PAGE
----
Varun Sivaram on solar power
The quest for cheap, sustainable energy seems to lead inexorably to the sun. We spoke with CFR expert and Georgetown professor Varun Sivaram about his new book Taming The Sun and the future of solar.
About Varun Sivaram
Varun Sivaram is the Philip D. Reed fellow for science and technology at the Council on Foreign Relations. He is also an adjunct professor at the Georgetown University School of Foreign Service, a nonresident fellow at the Columbia University Center for Global Energy Policy, and a member of the advisory boards for the Stanford University Woods Institute for the Environment and Precourt Institute for Energy. Forbes named him one of the 30 under 30 in Law and Policy, Grist selected him as one of the top 50 leaders in sustainability, and Klout ranked him as one of the top 5 global thought leaders on solar energy. He is the author of the book, Taming the Sun: Innovations to Harness Solar Energy and Power the Planet (MIT University Press, March 2018).
Dr. Sivaram also serves as strategic advisor to the office of New York Governor Andrew Cuomo on Reforming the Energy Vision, and he was formerly a consultant at McKinsey & Company, where he counseled Fortune 500 companies on adapting to the modern competitive landscape in energy. Prior to this role, he served as senior advisor for energy and water policy to the mayor of Los Angeles, Antonio Villaraigosa, and oversaw the city’s Department of Water and Power.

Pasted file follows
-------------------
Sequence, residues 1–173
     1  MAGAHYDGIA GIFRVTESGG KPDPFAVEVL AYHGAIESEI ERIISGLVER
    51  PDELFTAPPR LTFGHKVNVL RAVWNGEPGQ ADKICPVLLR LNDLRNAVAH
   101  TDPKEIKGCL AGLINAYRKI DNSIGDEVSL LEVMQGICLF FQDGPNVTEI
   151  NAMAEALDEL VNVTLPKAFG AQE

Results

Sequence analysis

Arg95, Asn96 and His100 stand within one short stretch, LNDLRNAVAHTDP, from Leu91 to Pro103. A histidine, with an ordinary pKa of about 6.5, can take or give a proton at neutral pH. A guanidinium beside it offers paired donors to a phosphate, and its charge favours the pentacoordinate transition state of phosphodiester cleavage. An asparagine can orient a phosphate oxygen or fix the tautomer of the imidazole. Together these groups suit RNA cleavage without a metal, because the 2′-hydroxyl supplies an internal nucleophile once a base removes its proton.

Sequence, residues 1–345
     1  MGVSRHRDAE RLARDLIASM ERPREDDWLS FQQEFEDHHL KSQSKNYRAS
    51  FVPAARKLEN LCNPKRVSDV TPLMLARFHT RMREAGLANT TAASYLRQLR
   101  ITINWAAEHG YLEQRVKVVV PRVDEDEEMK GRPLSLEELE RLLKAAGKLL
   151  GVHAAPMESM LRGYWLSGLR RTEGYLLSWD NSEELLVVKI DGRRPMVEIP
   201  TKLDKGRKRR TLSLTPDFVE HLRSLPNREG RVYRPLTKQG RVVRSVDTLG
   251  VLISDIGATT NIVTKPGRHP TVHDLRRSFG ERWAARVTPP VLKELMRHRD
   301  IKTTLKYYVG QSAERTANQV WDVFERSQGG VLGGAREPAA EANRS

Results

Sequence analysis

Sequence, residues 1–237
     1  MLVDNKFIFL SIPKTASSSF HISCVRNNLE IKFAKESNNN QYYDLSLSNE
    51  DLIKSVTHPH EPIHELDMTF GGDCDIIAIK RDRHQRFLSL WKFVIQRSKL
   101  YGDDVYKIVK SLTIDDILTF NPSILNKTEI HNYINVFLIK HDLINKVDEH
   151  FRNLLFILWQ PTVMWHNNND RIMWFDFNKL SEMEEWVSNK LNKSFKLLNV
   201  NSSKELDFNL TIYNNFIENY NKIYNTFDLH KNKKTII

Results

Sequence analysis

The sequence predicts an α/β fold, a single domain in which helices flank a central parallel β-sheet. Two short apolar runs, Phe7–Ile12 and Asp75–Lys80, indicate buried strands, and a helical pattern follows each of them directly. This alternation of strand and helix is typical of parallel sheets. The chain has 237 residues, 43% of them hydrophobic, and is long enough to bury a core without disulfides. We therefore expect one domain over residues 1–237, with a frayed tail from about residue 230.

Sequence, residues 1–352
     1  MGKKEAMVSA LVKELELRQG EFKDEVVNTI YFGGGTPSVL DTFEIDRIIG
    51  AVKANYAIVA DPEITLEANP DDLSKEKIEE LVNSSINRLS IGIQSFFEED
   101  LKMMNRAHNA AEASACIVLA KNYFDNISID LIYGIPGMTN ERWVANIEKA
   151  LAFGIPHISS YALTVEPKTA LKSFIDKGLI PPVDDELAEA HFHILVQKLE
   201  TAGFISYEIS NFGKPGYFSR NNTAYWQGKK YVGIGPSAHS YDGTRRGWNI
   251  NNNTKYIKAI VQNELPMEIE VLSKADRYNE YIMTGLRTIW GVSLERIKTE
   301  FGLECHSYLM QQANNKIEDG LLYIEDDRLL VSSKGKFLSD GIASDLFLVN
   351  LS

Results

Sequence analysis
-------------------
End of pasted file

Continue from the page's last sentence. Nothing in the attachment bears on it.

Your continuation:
Dr. Sivaram’s work has appeared in the New York Times, the Wall Street Journal, the Financial Times, Foreign Affairs, the Journal of Applied Physics, the Journal of Physical Chemistry, Nature, Nature Energy, Nature Climate Change, Scientific American, and Issues in Science and Technology. He has also given talks around the world, including at the Aspen Ideas Festival and World Economic Forum. A Truman and a Rhodes scholar, he holds degrees from Stanford University in engineering physics and international relations, with honors in international security. Dr. Sivaram holds a PhD in condensed matter physics from St. John’s College, Oxford University, where he developed third-generation solar photovoltaic coatings for building-integrated applications. He lives in Washington, DC.